If you're more au fait with the likes of Cardi B and Post Malone rather than The Beatles and Wham, we've got bad news for you because that means you have terrible taste in music.
Now you might think this piece of research was clearly carried out by a bunch of old fuddy-duddies, but you'd be wrong, as the poll was taken by people aged between 18 and 25 - who were either yet to be born or at least not conscious enough to hold an opinion of popular culture.
The study quizzed 643 young people, testing their ability to recognise hit songs from several different decades, with the best results coming for records released between 1960 and 1999.
However, after this the results fell off a cliff edge, with poor scores being recorded by the youngsters.
Probably for the best really.
Lead researcher on the study, Dr Pascal Wallisch, from New York University in the United States, said: "The 1960s to 1990s was a special time in music, reflected by a steady recognition of pieces of that era - even by today's millennials."
According to the music boffins, the reason for these results is in large part due to the fact that songs released during this period were much more varied than they were between 2000 to 2015, or the 1940s and 1950s.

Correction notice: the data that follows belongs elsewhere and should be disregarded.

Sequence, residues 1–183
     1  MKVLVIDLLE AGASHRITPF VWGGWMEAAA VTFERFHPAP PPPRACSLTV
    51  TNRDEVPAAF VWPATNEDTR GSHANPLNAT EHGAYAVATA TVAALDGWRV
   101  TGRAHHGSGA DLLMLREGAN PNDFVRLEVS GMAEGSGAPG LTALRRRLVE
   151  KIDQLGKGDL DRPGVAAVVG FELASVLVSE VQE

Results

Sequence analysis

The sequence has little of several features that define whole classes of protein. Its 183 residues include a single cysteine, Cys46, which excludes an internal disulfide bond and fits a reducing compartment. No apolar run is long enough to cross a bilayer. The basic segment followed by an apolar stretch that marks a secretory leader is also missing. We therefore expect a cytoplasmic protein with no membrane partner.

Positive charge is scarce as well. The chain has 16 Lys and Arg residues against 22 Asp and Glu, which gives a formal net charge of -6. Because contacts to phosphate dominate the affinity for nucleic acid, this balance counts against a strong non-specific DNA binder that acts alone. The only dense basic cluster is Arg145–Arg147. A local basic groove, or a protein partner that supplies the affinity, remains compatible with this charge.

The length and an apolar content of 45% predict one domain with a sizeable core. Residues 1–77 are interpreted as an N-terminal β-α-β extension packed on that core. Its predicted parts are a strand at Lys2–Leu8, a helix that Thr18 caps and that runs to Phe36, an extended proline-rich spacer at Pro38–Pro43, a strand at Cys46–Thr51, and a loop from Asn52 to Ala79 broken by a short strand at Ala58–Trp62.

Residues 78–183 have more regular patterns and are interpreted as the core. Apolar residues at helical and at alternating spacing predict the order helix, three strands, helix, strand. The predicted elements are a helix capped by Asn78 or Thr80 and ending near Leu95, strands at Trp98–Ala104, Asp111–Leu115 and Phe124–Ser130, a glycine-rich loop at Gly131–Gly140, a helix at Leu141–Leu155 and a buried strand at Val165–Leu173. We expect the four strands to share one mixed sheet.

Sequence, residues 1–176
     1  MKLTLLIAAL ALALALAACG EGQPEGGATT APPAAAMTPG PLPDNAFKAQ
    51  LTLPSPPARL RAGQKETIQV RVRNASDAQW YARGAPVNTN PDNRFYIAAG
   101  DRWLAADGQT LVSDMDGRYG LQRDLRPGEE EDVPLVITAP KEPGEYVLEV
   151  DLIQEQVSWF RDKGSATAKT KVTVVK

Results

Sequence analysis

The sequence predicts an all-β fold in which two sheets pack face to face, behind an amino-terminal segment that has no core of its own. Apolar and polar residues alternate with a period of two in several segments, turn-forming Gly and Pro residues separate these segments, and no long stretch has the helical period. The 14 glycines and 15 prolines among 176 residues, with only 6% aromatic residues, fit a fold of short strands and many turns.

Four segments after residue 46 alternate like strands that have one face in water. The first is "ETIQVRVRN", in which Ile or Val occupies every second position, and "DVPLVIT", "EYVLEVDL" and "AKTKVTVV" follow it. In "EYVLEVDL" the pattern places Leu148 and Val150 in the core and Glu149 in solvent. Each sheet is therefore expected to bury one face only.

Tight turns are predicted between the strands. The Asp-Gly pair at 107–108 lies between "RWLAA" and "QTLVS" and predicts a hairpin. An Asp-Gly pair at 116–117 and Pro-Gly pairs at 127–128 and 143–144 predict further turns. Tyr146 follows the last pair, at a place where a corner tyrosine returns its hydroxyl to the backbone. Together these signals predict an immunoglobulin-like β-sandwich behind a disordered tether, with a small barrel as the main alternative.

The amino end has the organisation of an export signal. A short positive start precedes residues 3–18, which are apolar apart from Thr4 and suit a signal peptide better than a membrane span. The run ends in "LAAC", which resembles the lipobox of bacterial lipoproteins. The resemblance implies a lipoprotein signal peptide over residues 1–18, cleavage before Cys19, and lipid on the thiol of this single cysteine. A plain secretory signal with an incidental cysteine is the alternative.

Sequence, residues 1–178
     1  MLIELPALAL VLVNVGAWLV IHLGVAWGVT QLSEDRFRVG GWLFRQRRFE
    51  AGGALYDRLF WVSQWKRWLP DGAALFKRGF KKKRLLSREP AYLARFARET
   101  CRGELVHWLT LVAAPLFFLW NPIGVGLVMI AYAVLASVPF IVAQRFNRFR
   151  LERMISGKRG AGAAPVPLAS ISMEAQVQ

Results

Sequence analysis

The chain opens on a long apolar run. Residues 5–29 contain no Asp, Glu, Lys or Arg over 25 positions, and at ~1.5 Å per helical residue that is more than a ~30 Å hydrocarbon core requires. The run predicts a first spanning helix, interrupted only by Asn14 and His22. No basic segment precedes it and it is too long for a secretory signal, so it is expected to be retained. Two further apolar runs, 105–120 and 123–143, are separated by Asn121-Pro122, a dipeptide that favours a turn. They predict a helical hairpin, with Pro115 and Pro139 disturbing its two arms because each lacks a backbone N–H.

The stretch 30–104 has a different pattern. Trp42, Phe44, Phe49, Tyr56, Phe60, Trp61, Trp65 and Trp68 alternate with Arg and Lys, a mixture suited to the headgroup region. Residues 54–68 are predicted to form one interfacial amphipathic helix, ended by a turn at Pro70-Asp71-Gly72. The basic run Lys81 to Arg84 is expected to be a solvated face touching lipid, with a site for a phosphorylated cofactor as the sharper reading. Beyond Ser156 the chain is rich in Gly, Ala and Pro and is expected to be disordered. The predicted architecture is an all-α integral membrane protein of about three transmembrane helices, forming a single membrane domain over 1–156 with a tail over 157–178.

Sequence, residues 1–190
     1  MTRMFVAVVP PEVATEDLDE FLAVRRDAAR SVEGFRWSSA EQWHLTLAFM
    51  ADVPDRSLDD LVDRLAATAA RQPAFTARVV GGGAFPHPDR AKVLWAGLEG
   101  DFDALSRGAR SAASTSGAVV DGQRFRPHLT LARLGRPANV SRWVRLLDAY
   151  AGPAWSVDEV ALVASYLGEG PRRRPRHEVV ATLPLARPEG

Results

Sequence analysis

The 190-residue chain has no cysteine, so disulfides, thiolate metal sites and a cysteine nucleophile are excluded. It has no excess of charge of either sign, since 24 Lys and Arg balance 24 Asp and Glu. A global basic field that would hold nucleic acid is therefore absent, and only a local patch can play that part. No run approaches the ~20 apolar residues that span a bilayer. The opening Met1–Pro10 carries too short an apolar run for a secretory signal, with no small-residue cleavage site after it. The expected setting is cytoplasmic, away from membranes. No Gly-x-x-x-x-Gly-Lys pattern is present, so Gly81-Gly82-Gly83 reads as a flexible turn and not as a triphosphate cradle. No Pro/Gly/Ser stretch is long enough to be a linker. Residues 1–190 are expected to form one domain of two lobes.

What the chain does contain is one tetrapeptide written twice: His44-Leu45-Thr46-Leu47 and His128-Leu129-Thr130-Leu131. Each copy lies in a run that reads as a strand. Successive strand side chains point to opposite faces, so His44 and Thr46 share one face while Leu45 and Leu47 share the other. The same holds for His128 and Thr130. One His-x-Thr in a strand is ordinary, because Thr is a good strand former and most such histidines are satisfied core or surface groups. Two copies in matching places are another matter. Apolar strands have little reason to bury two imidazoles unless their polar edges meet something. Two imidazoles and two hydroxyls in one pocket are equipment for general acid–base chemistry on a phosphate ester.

But there were also an incredible amount of brilliant songs written and released between 1960 and 1999, such as Rolling Stones' 'Gimme Shelter' (1969), Pink Floyd's iconic 'Comfortably Numb' (1979) and Blue Oyster Cult's 'Don't Fear The Reaper' (1976).
Then if you move into the 90s there's a whole wealth of incredible pop tunes, from the Spice Girls' with 'Wannabe' (1996) to Britney Spears' 'Baby One More Time' (1998).
The list is almost endless.
Songs selected for the study included those that made it to number one in the Billboard Top 100 between 1940 and 1957, and top slot on the Billboard Hot 100 from 1958 to 2015.
Each person who participated was then presented with short clips from seven of 152 songs and asked if they knew what they were.
The results found a steep drop-off for records released between the years 2015 and 2000, with a more gradual decline for songs of the 1950s and 1940s.
Conversely, songs from the 1960s to 1990s generated a 'stable plateau' of music recognition, therefore proving it to indeed be the Golden Age.
The research is published in the journal Public Library of Science ONE.